Mercer's Lake Wilhelm hides plenty of fish

Bob Frye
| Tuesday, June 7, 2011

Lake Wilhelm is a place of mystery.

Biologists will tell you that it's home to predatory fish. Big ones, and in numbers dense enough to make it a real hot spot, too.

But who catches them• When• And how?

Good luck figuring that out.

"With the shad that are in here now, the muskies, walleyes and bass are all getting pretty big," said Bob Mohra of Fergie's Bait and Tackle in Sandy Lake. "But most of the guys who actually fish for muskies will never tell you when they catch one. And the walleye guys, they're quiet, if they're smart."

Allen Woomer can give you some clues to what's swimming around in the lake, though.

The Pennsylvania Fish and Boat Commission's Area 2 fisheries manager, he and his crews surveyed Wilhelm — the 1,860-acre centerpiece of Maurice K. Goddard State Park in Mercer County — on two occasions last year. The results of that work have just been made available.

One thing that jumped out was just how many muskies the lake holds.

The commission has long stocked the lake with musky fingerlings, Woomer said. So finding fish was not unusual. But the number of big fish — up to 49 inches — was impressive, he said.

"When it comes to muskies in this area, Pymatuning, Lake Arthur, Tamarack, they're all kind of the stars of the show. But Wilhelm is starting to get into that realm," Woomer said. "I was really pleased by that."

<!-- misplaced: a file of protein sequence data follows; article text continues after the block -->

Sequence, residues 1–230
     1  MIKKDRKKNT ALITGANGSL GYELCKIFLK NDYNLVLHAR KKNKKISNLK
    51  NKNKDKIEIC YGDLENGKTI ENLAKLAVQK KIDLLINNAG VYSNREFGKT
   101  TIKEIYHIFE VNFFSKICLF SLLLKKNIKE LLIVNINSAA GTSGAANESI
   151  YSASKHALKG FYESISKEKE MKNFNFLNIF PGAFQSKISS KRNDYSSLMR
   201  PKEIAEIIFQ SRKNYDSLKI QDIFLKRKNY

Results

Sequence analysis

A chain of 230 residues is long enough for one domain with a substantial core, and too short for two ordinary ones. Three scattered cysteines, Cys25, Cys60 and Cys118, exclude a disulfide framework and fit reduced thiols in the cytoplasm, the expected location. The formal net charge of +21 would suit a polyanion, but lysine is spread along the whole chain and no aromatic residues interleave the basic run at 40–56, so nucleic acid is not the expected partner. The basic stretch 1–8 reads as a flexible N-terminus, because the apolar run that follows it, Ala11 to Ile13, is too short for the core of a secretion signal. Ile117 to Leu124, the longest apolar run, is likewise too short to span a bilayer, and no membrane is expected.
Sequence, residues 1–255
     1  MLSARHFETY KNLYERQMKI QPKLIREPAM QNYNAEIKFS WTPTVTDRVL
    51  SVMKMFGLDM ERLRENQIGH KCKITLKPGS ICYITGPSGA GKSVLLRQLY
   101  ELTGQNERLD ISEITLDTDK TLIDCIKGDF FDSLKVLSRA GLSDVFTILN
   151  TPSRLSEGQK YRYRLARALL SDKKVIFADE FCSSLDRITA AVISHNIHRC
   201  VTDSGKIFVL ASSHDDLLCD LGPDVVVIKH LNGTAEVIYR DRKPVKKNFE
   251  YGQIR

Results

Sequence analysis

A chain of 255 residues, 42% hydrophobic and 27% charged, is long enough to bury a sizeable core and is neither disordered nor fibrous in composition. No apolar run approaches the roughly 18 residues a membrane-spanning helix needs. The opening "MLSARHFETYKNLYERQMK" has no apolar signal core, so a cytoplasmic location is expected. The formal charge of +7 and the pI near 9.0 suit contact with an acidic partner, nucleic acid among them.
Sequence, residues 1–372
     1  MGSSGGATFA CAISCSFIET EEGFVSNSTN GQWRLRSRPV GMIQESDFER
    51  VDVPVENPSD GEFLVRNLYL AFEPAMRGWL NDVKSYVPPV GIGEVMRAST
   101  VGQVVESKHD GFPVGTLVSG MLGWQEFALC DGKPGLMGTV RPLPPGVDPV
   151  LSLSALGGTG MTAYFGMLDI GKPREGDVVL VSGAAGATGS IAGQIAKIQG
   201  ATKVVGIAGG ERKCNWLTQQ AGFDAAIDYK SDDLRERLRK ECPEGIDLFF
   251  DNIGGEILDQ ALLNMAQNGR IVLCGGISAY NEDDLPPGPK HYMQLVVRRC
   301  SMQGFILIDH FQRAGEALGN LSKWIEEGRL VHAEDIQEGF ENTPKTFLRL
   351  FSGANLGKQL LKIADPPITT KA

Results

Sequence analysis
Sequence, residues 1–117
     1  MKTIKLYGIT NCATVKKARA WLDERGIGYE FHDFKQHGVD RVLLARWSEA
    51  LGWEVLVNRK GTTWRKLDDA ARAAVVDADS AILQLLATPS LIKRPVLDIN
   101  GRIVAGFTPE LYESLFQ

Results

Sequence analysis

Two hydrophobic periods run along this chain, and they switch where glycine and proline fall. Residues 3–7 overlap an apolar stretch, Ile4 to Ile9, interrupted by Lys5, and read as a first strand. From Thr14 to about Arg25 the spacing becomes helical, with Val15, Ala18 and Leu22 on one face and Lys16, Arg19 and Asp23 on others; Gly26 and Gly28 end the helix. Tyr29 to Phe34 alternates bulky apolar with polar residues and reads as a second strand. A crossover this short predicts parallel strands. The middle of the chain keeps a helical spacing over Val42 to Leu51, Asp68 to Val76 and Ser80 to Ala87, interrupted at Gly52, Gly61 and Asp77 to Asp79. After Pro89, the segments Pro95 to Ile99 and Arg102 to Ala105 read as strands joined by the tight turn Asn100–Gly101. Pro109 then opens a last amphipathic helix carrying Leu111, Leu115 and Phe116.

The walleye population is looking equally good, he said. That's a change from the recent past.

Wilhelm supported a "great" walleye fishery in the 1980s, Woomer said, but then — for reasons unknown — the stocking of walleye fry quit producing fish in the 1990s. The commission switched to stocking larger walleye fingerlings in an attempt to jump-start the fishery. That appears to have worked.

Crews found more walleyes last year than they did in 2004, the last time the lake was sampled. They ranged from 18 to 30 inches, "with a large number in the 20- to 24-inch range," reads a report by fisheries biologist Brian Ensign.

"I think right now they are doing really well. And there are a lot of especially nice walleyes out there," Woomer said. "They looked fantastic."

The lake is built to be good for a long while, too, he added. It's large, relatively shallow, has good water quality, is productive in terms of providing zooplankton and larger forage and has just the right amount of vegetation.

"When you get a big lake like that that can produce a lot of fish, it's kind of like a fish machine if you can get it working right," Woomer said. "It's just a fantastic area, as far as I'm concerned, for fishing."

Mohra might be biased, but he agrees — even if no one else will admit it.

"Guys get a ton of fish, but you only hear about some of them," he said.

Additional Information:

Wilhelm at a glance

On the water: The lake has eight boat launches and a boat rental for those who want to fish on the water.

Boating: Motors up to 20 horsepower are legal for use on most of the lake. The exception is the portion that lies within state game lands, where only non-powered boats are allowed.

On land: Maurice K. Goddard State Park has handicapped-accessible fishing pier at the marina and generally good shoreline access. A 12-mile bike trail circling the lake offers opportunities to get close to the water in lots of places.

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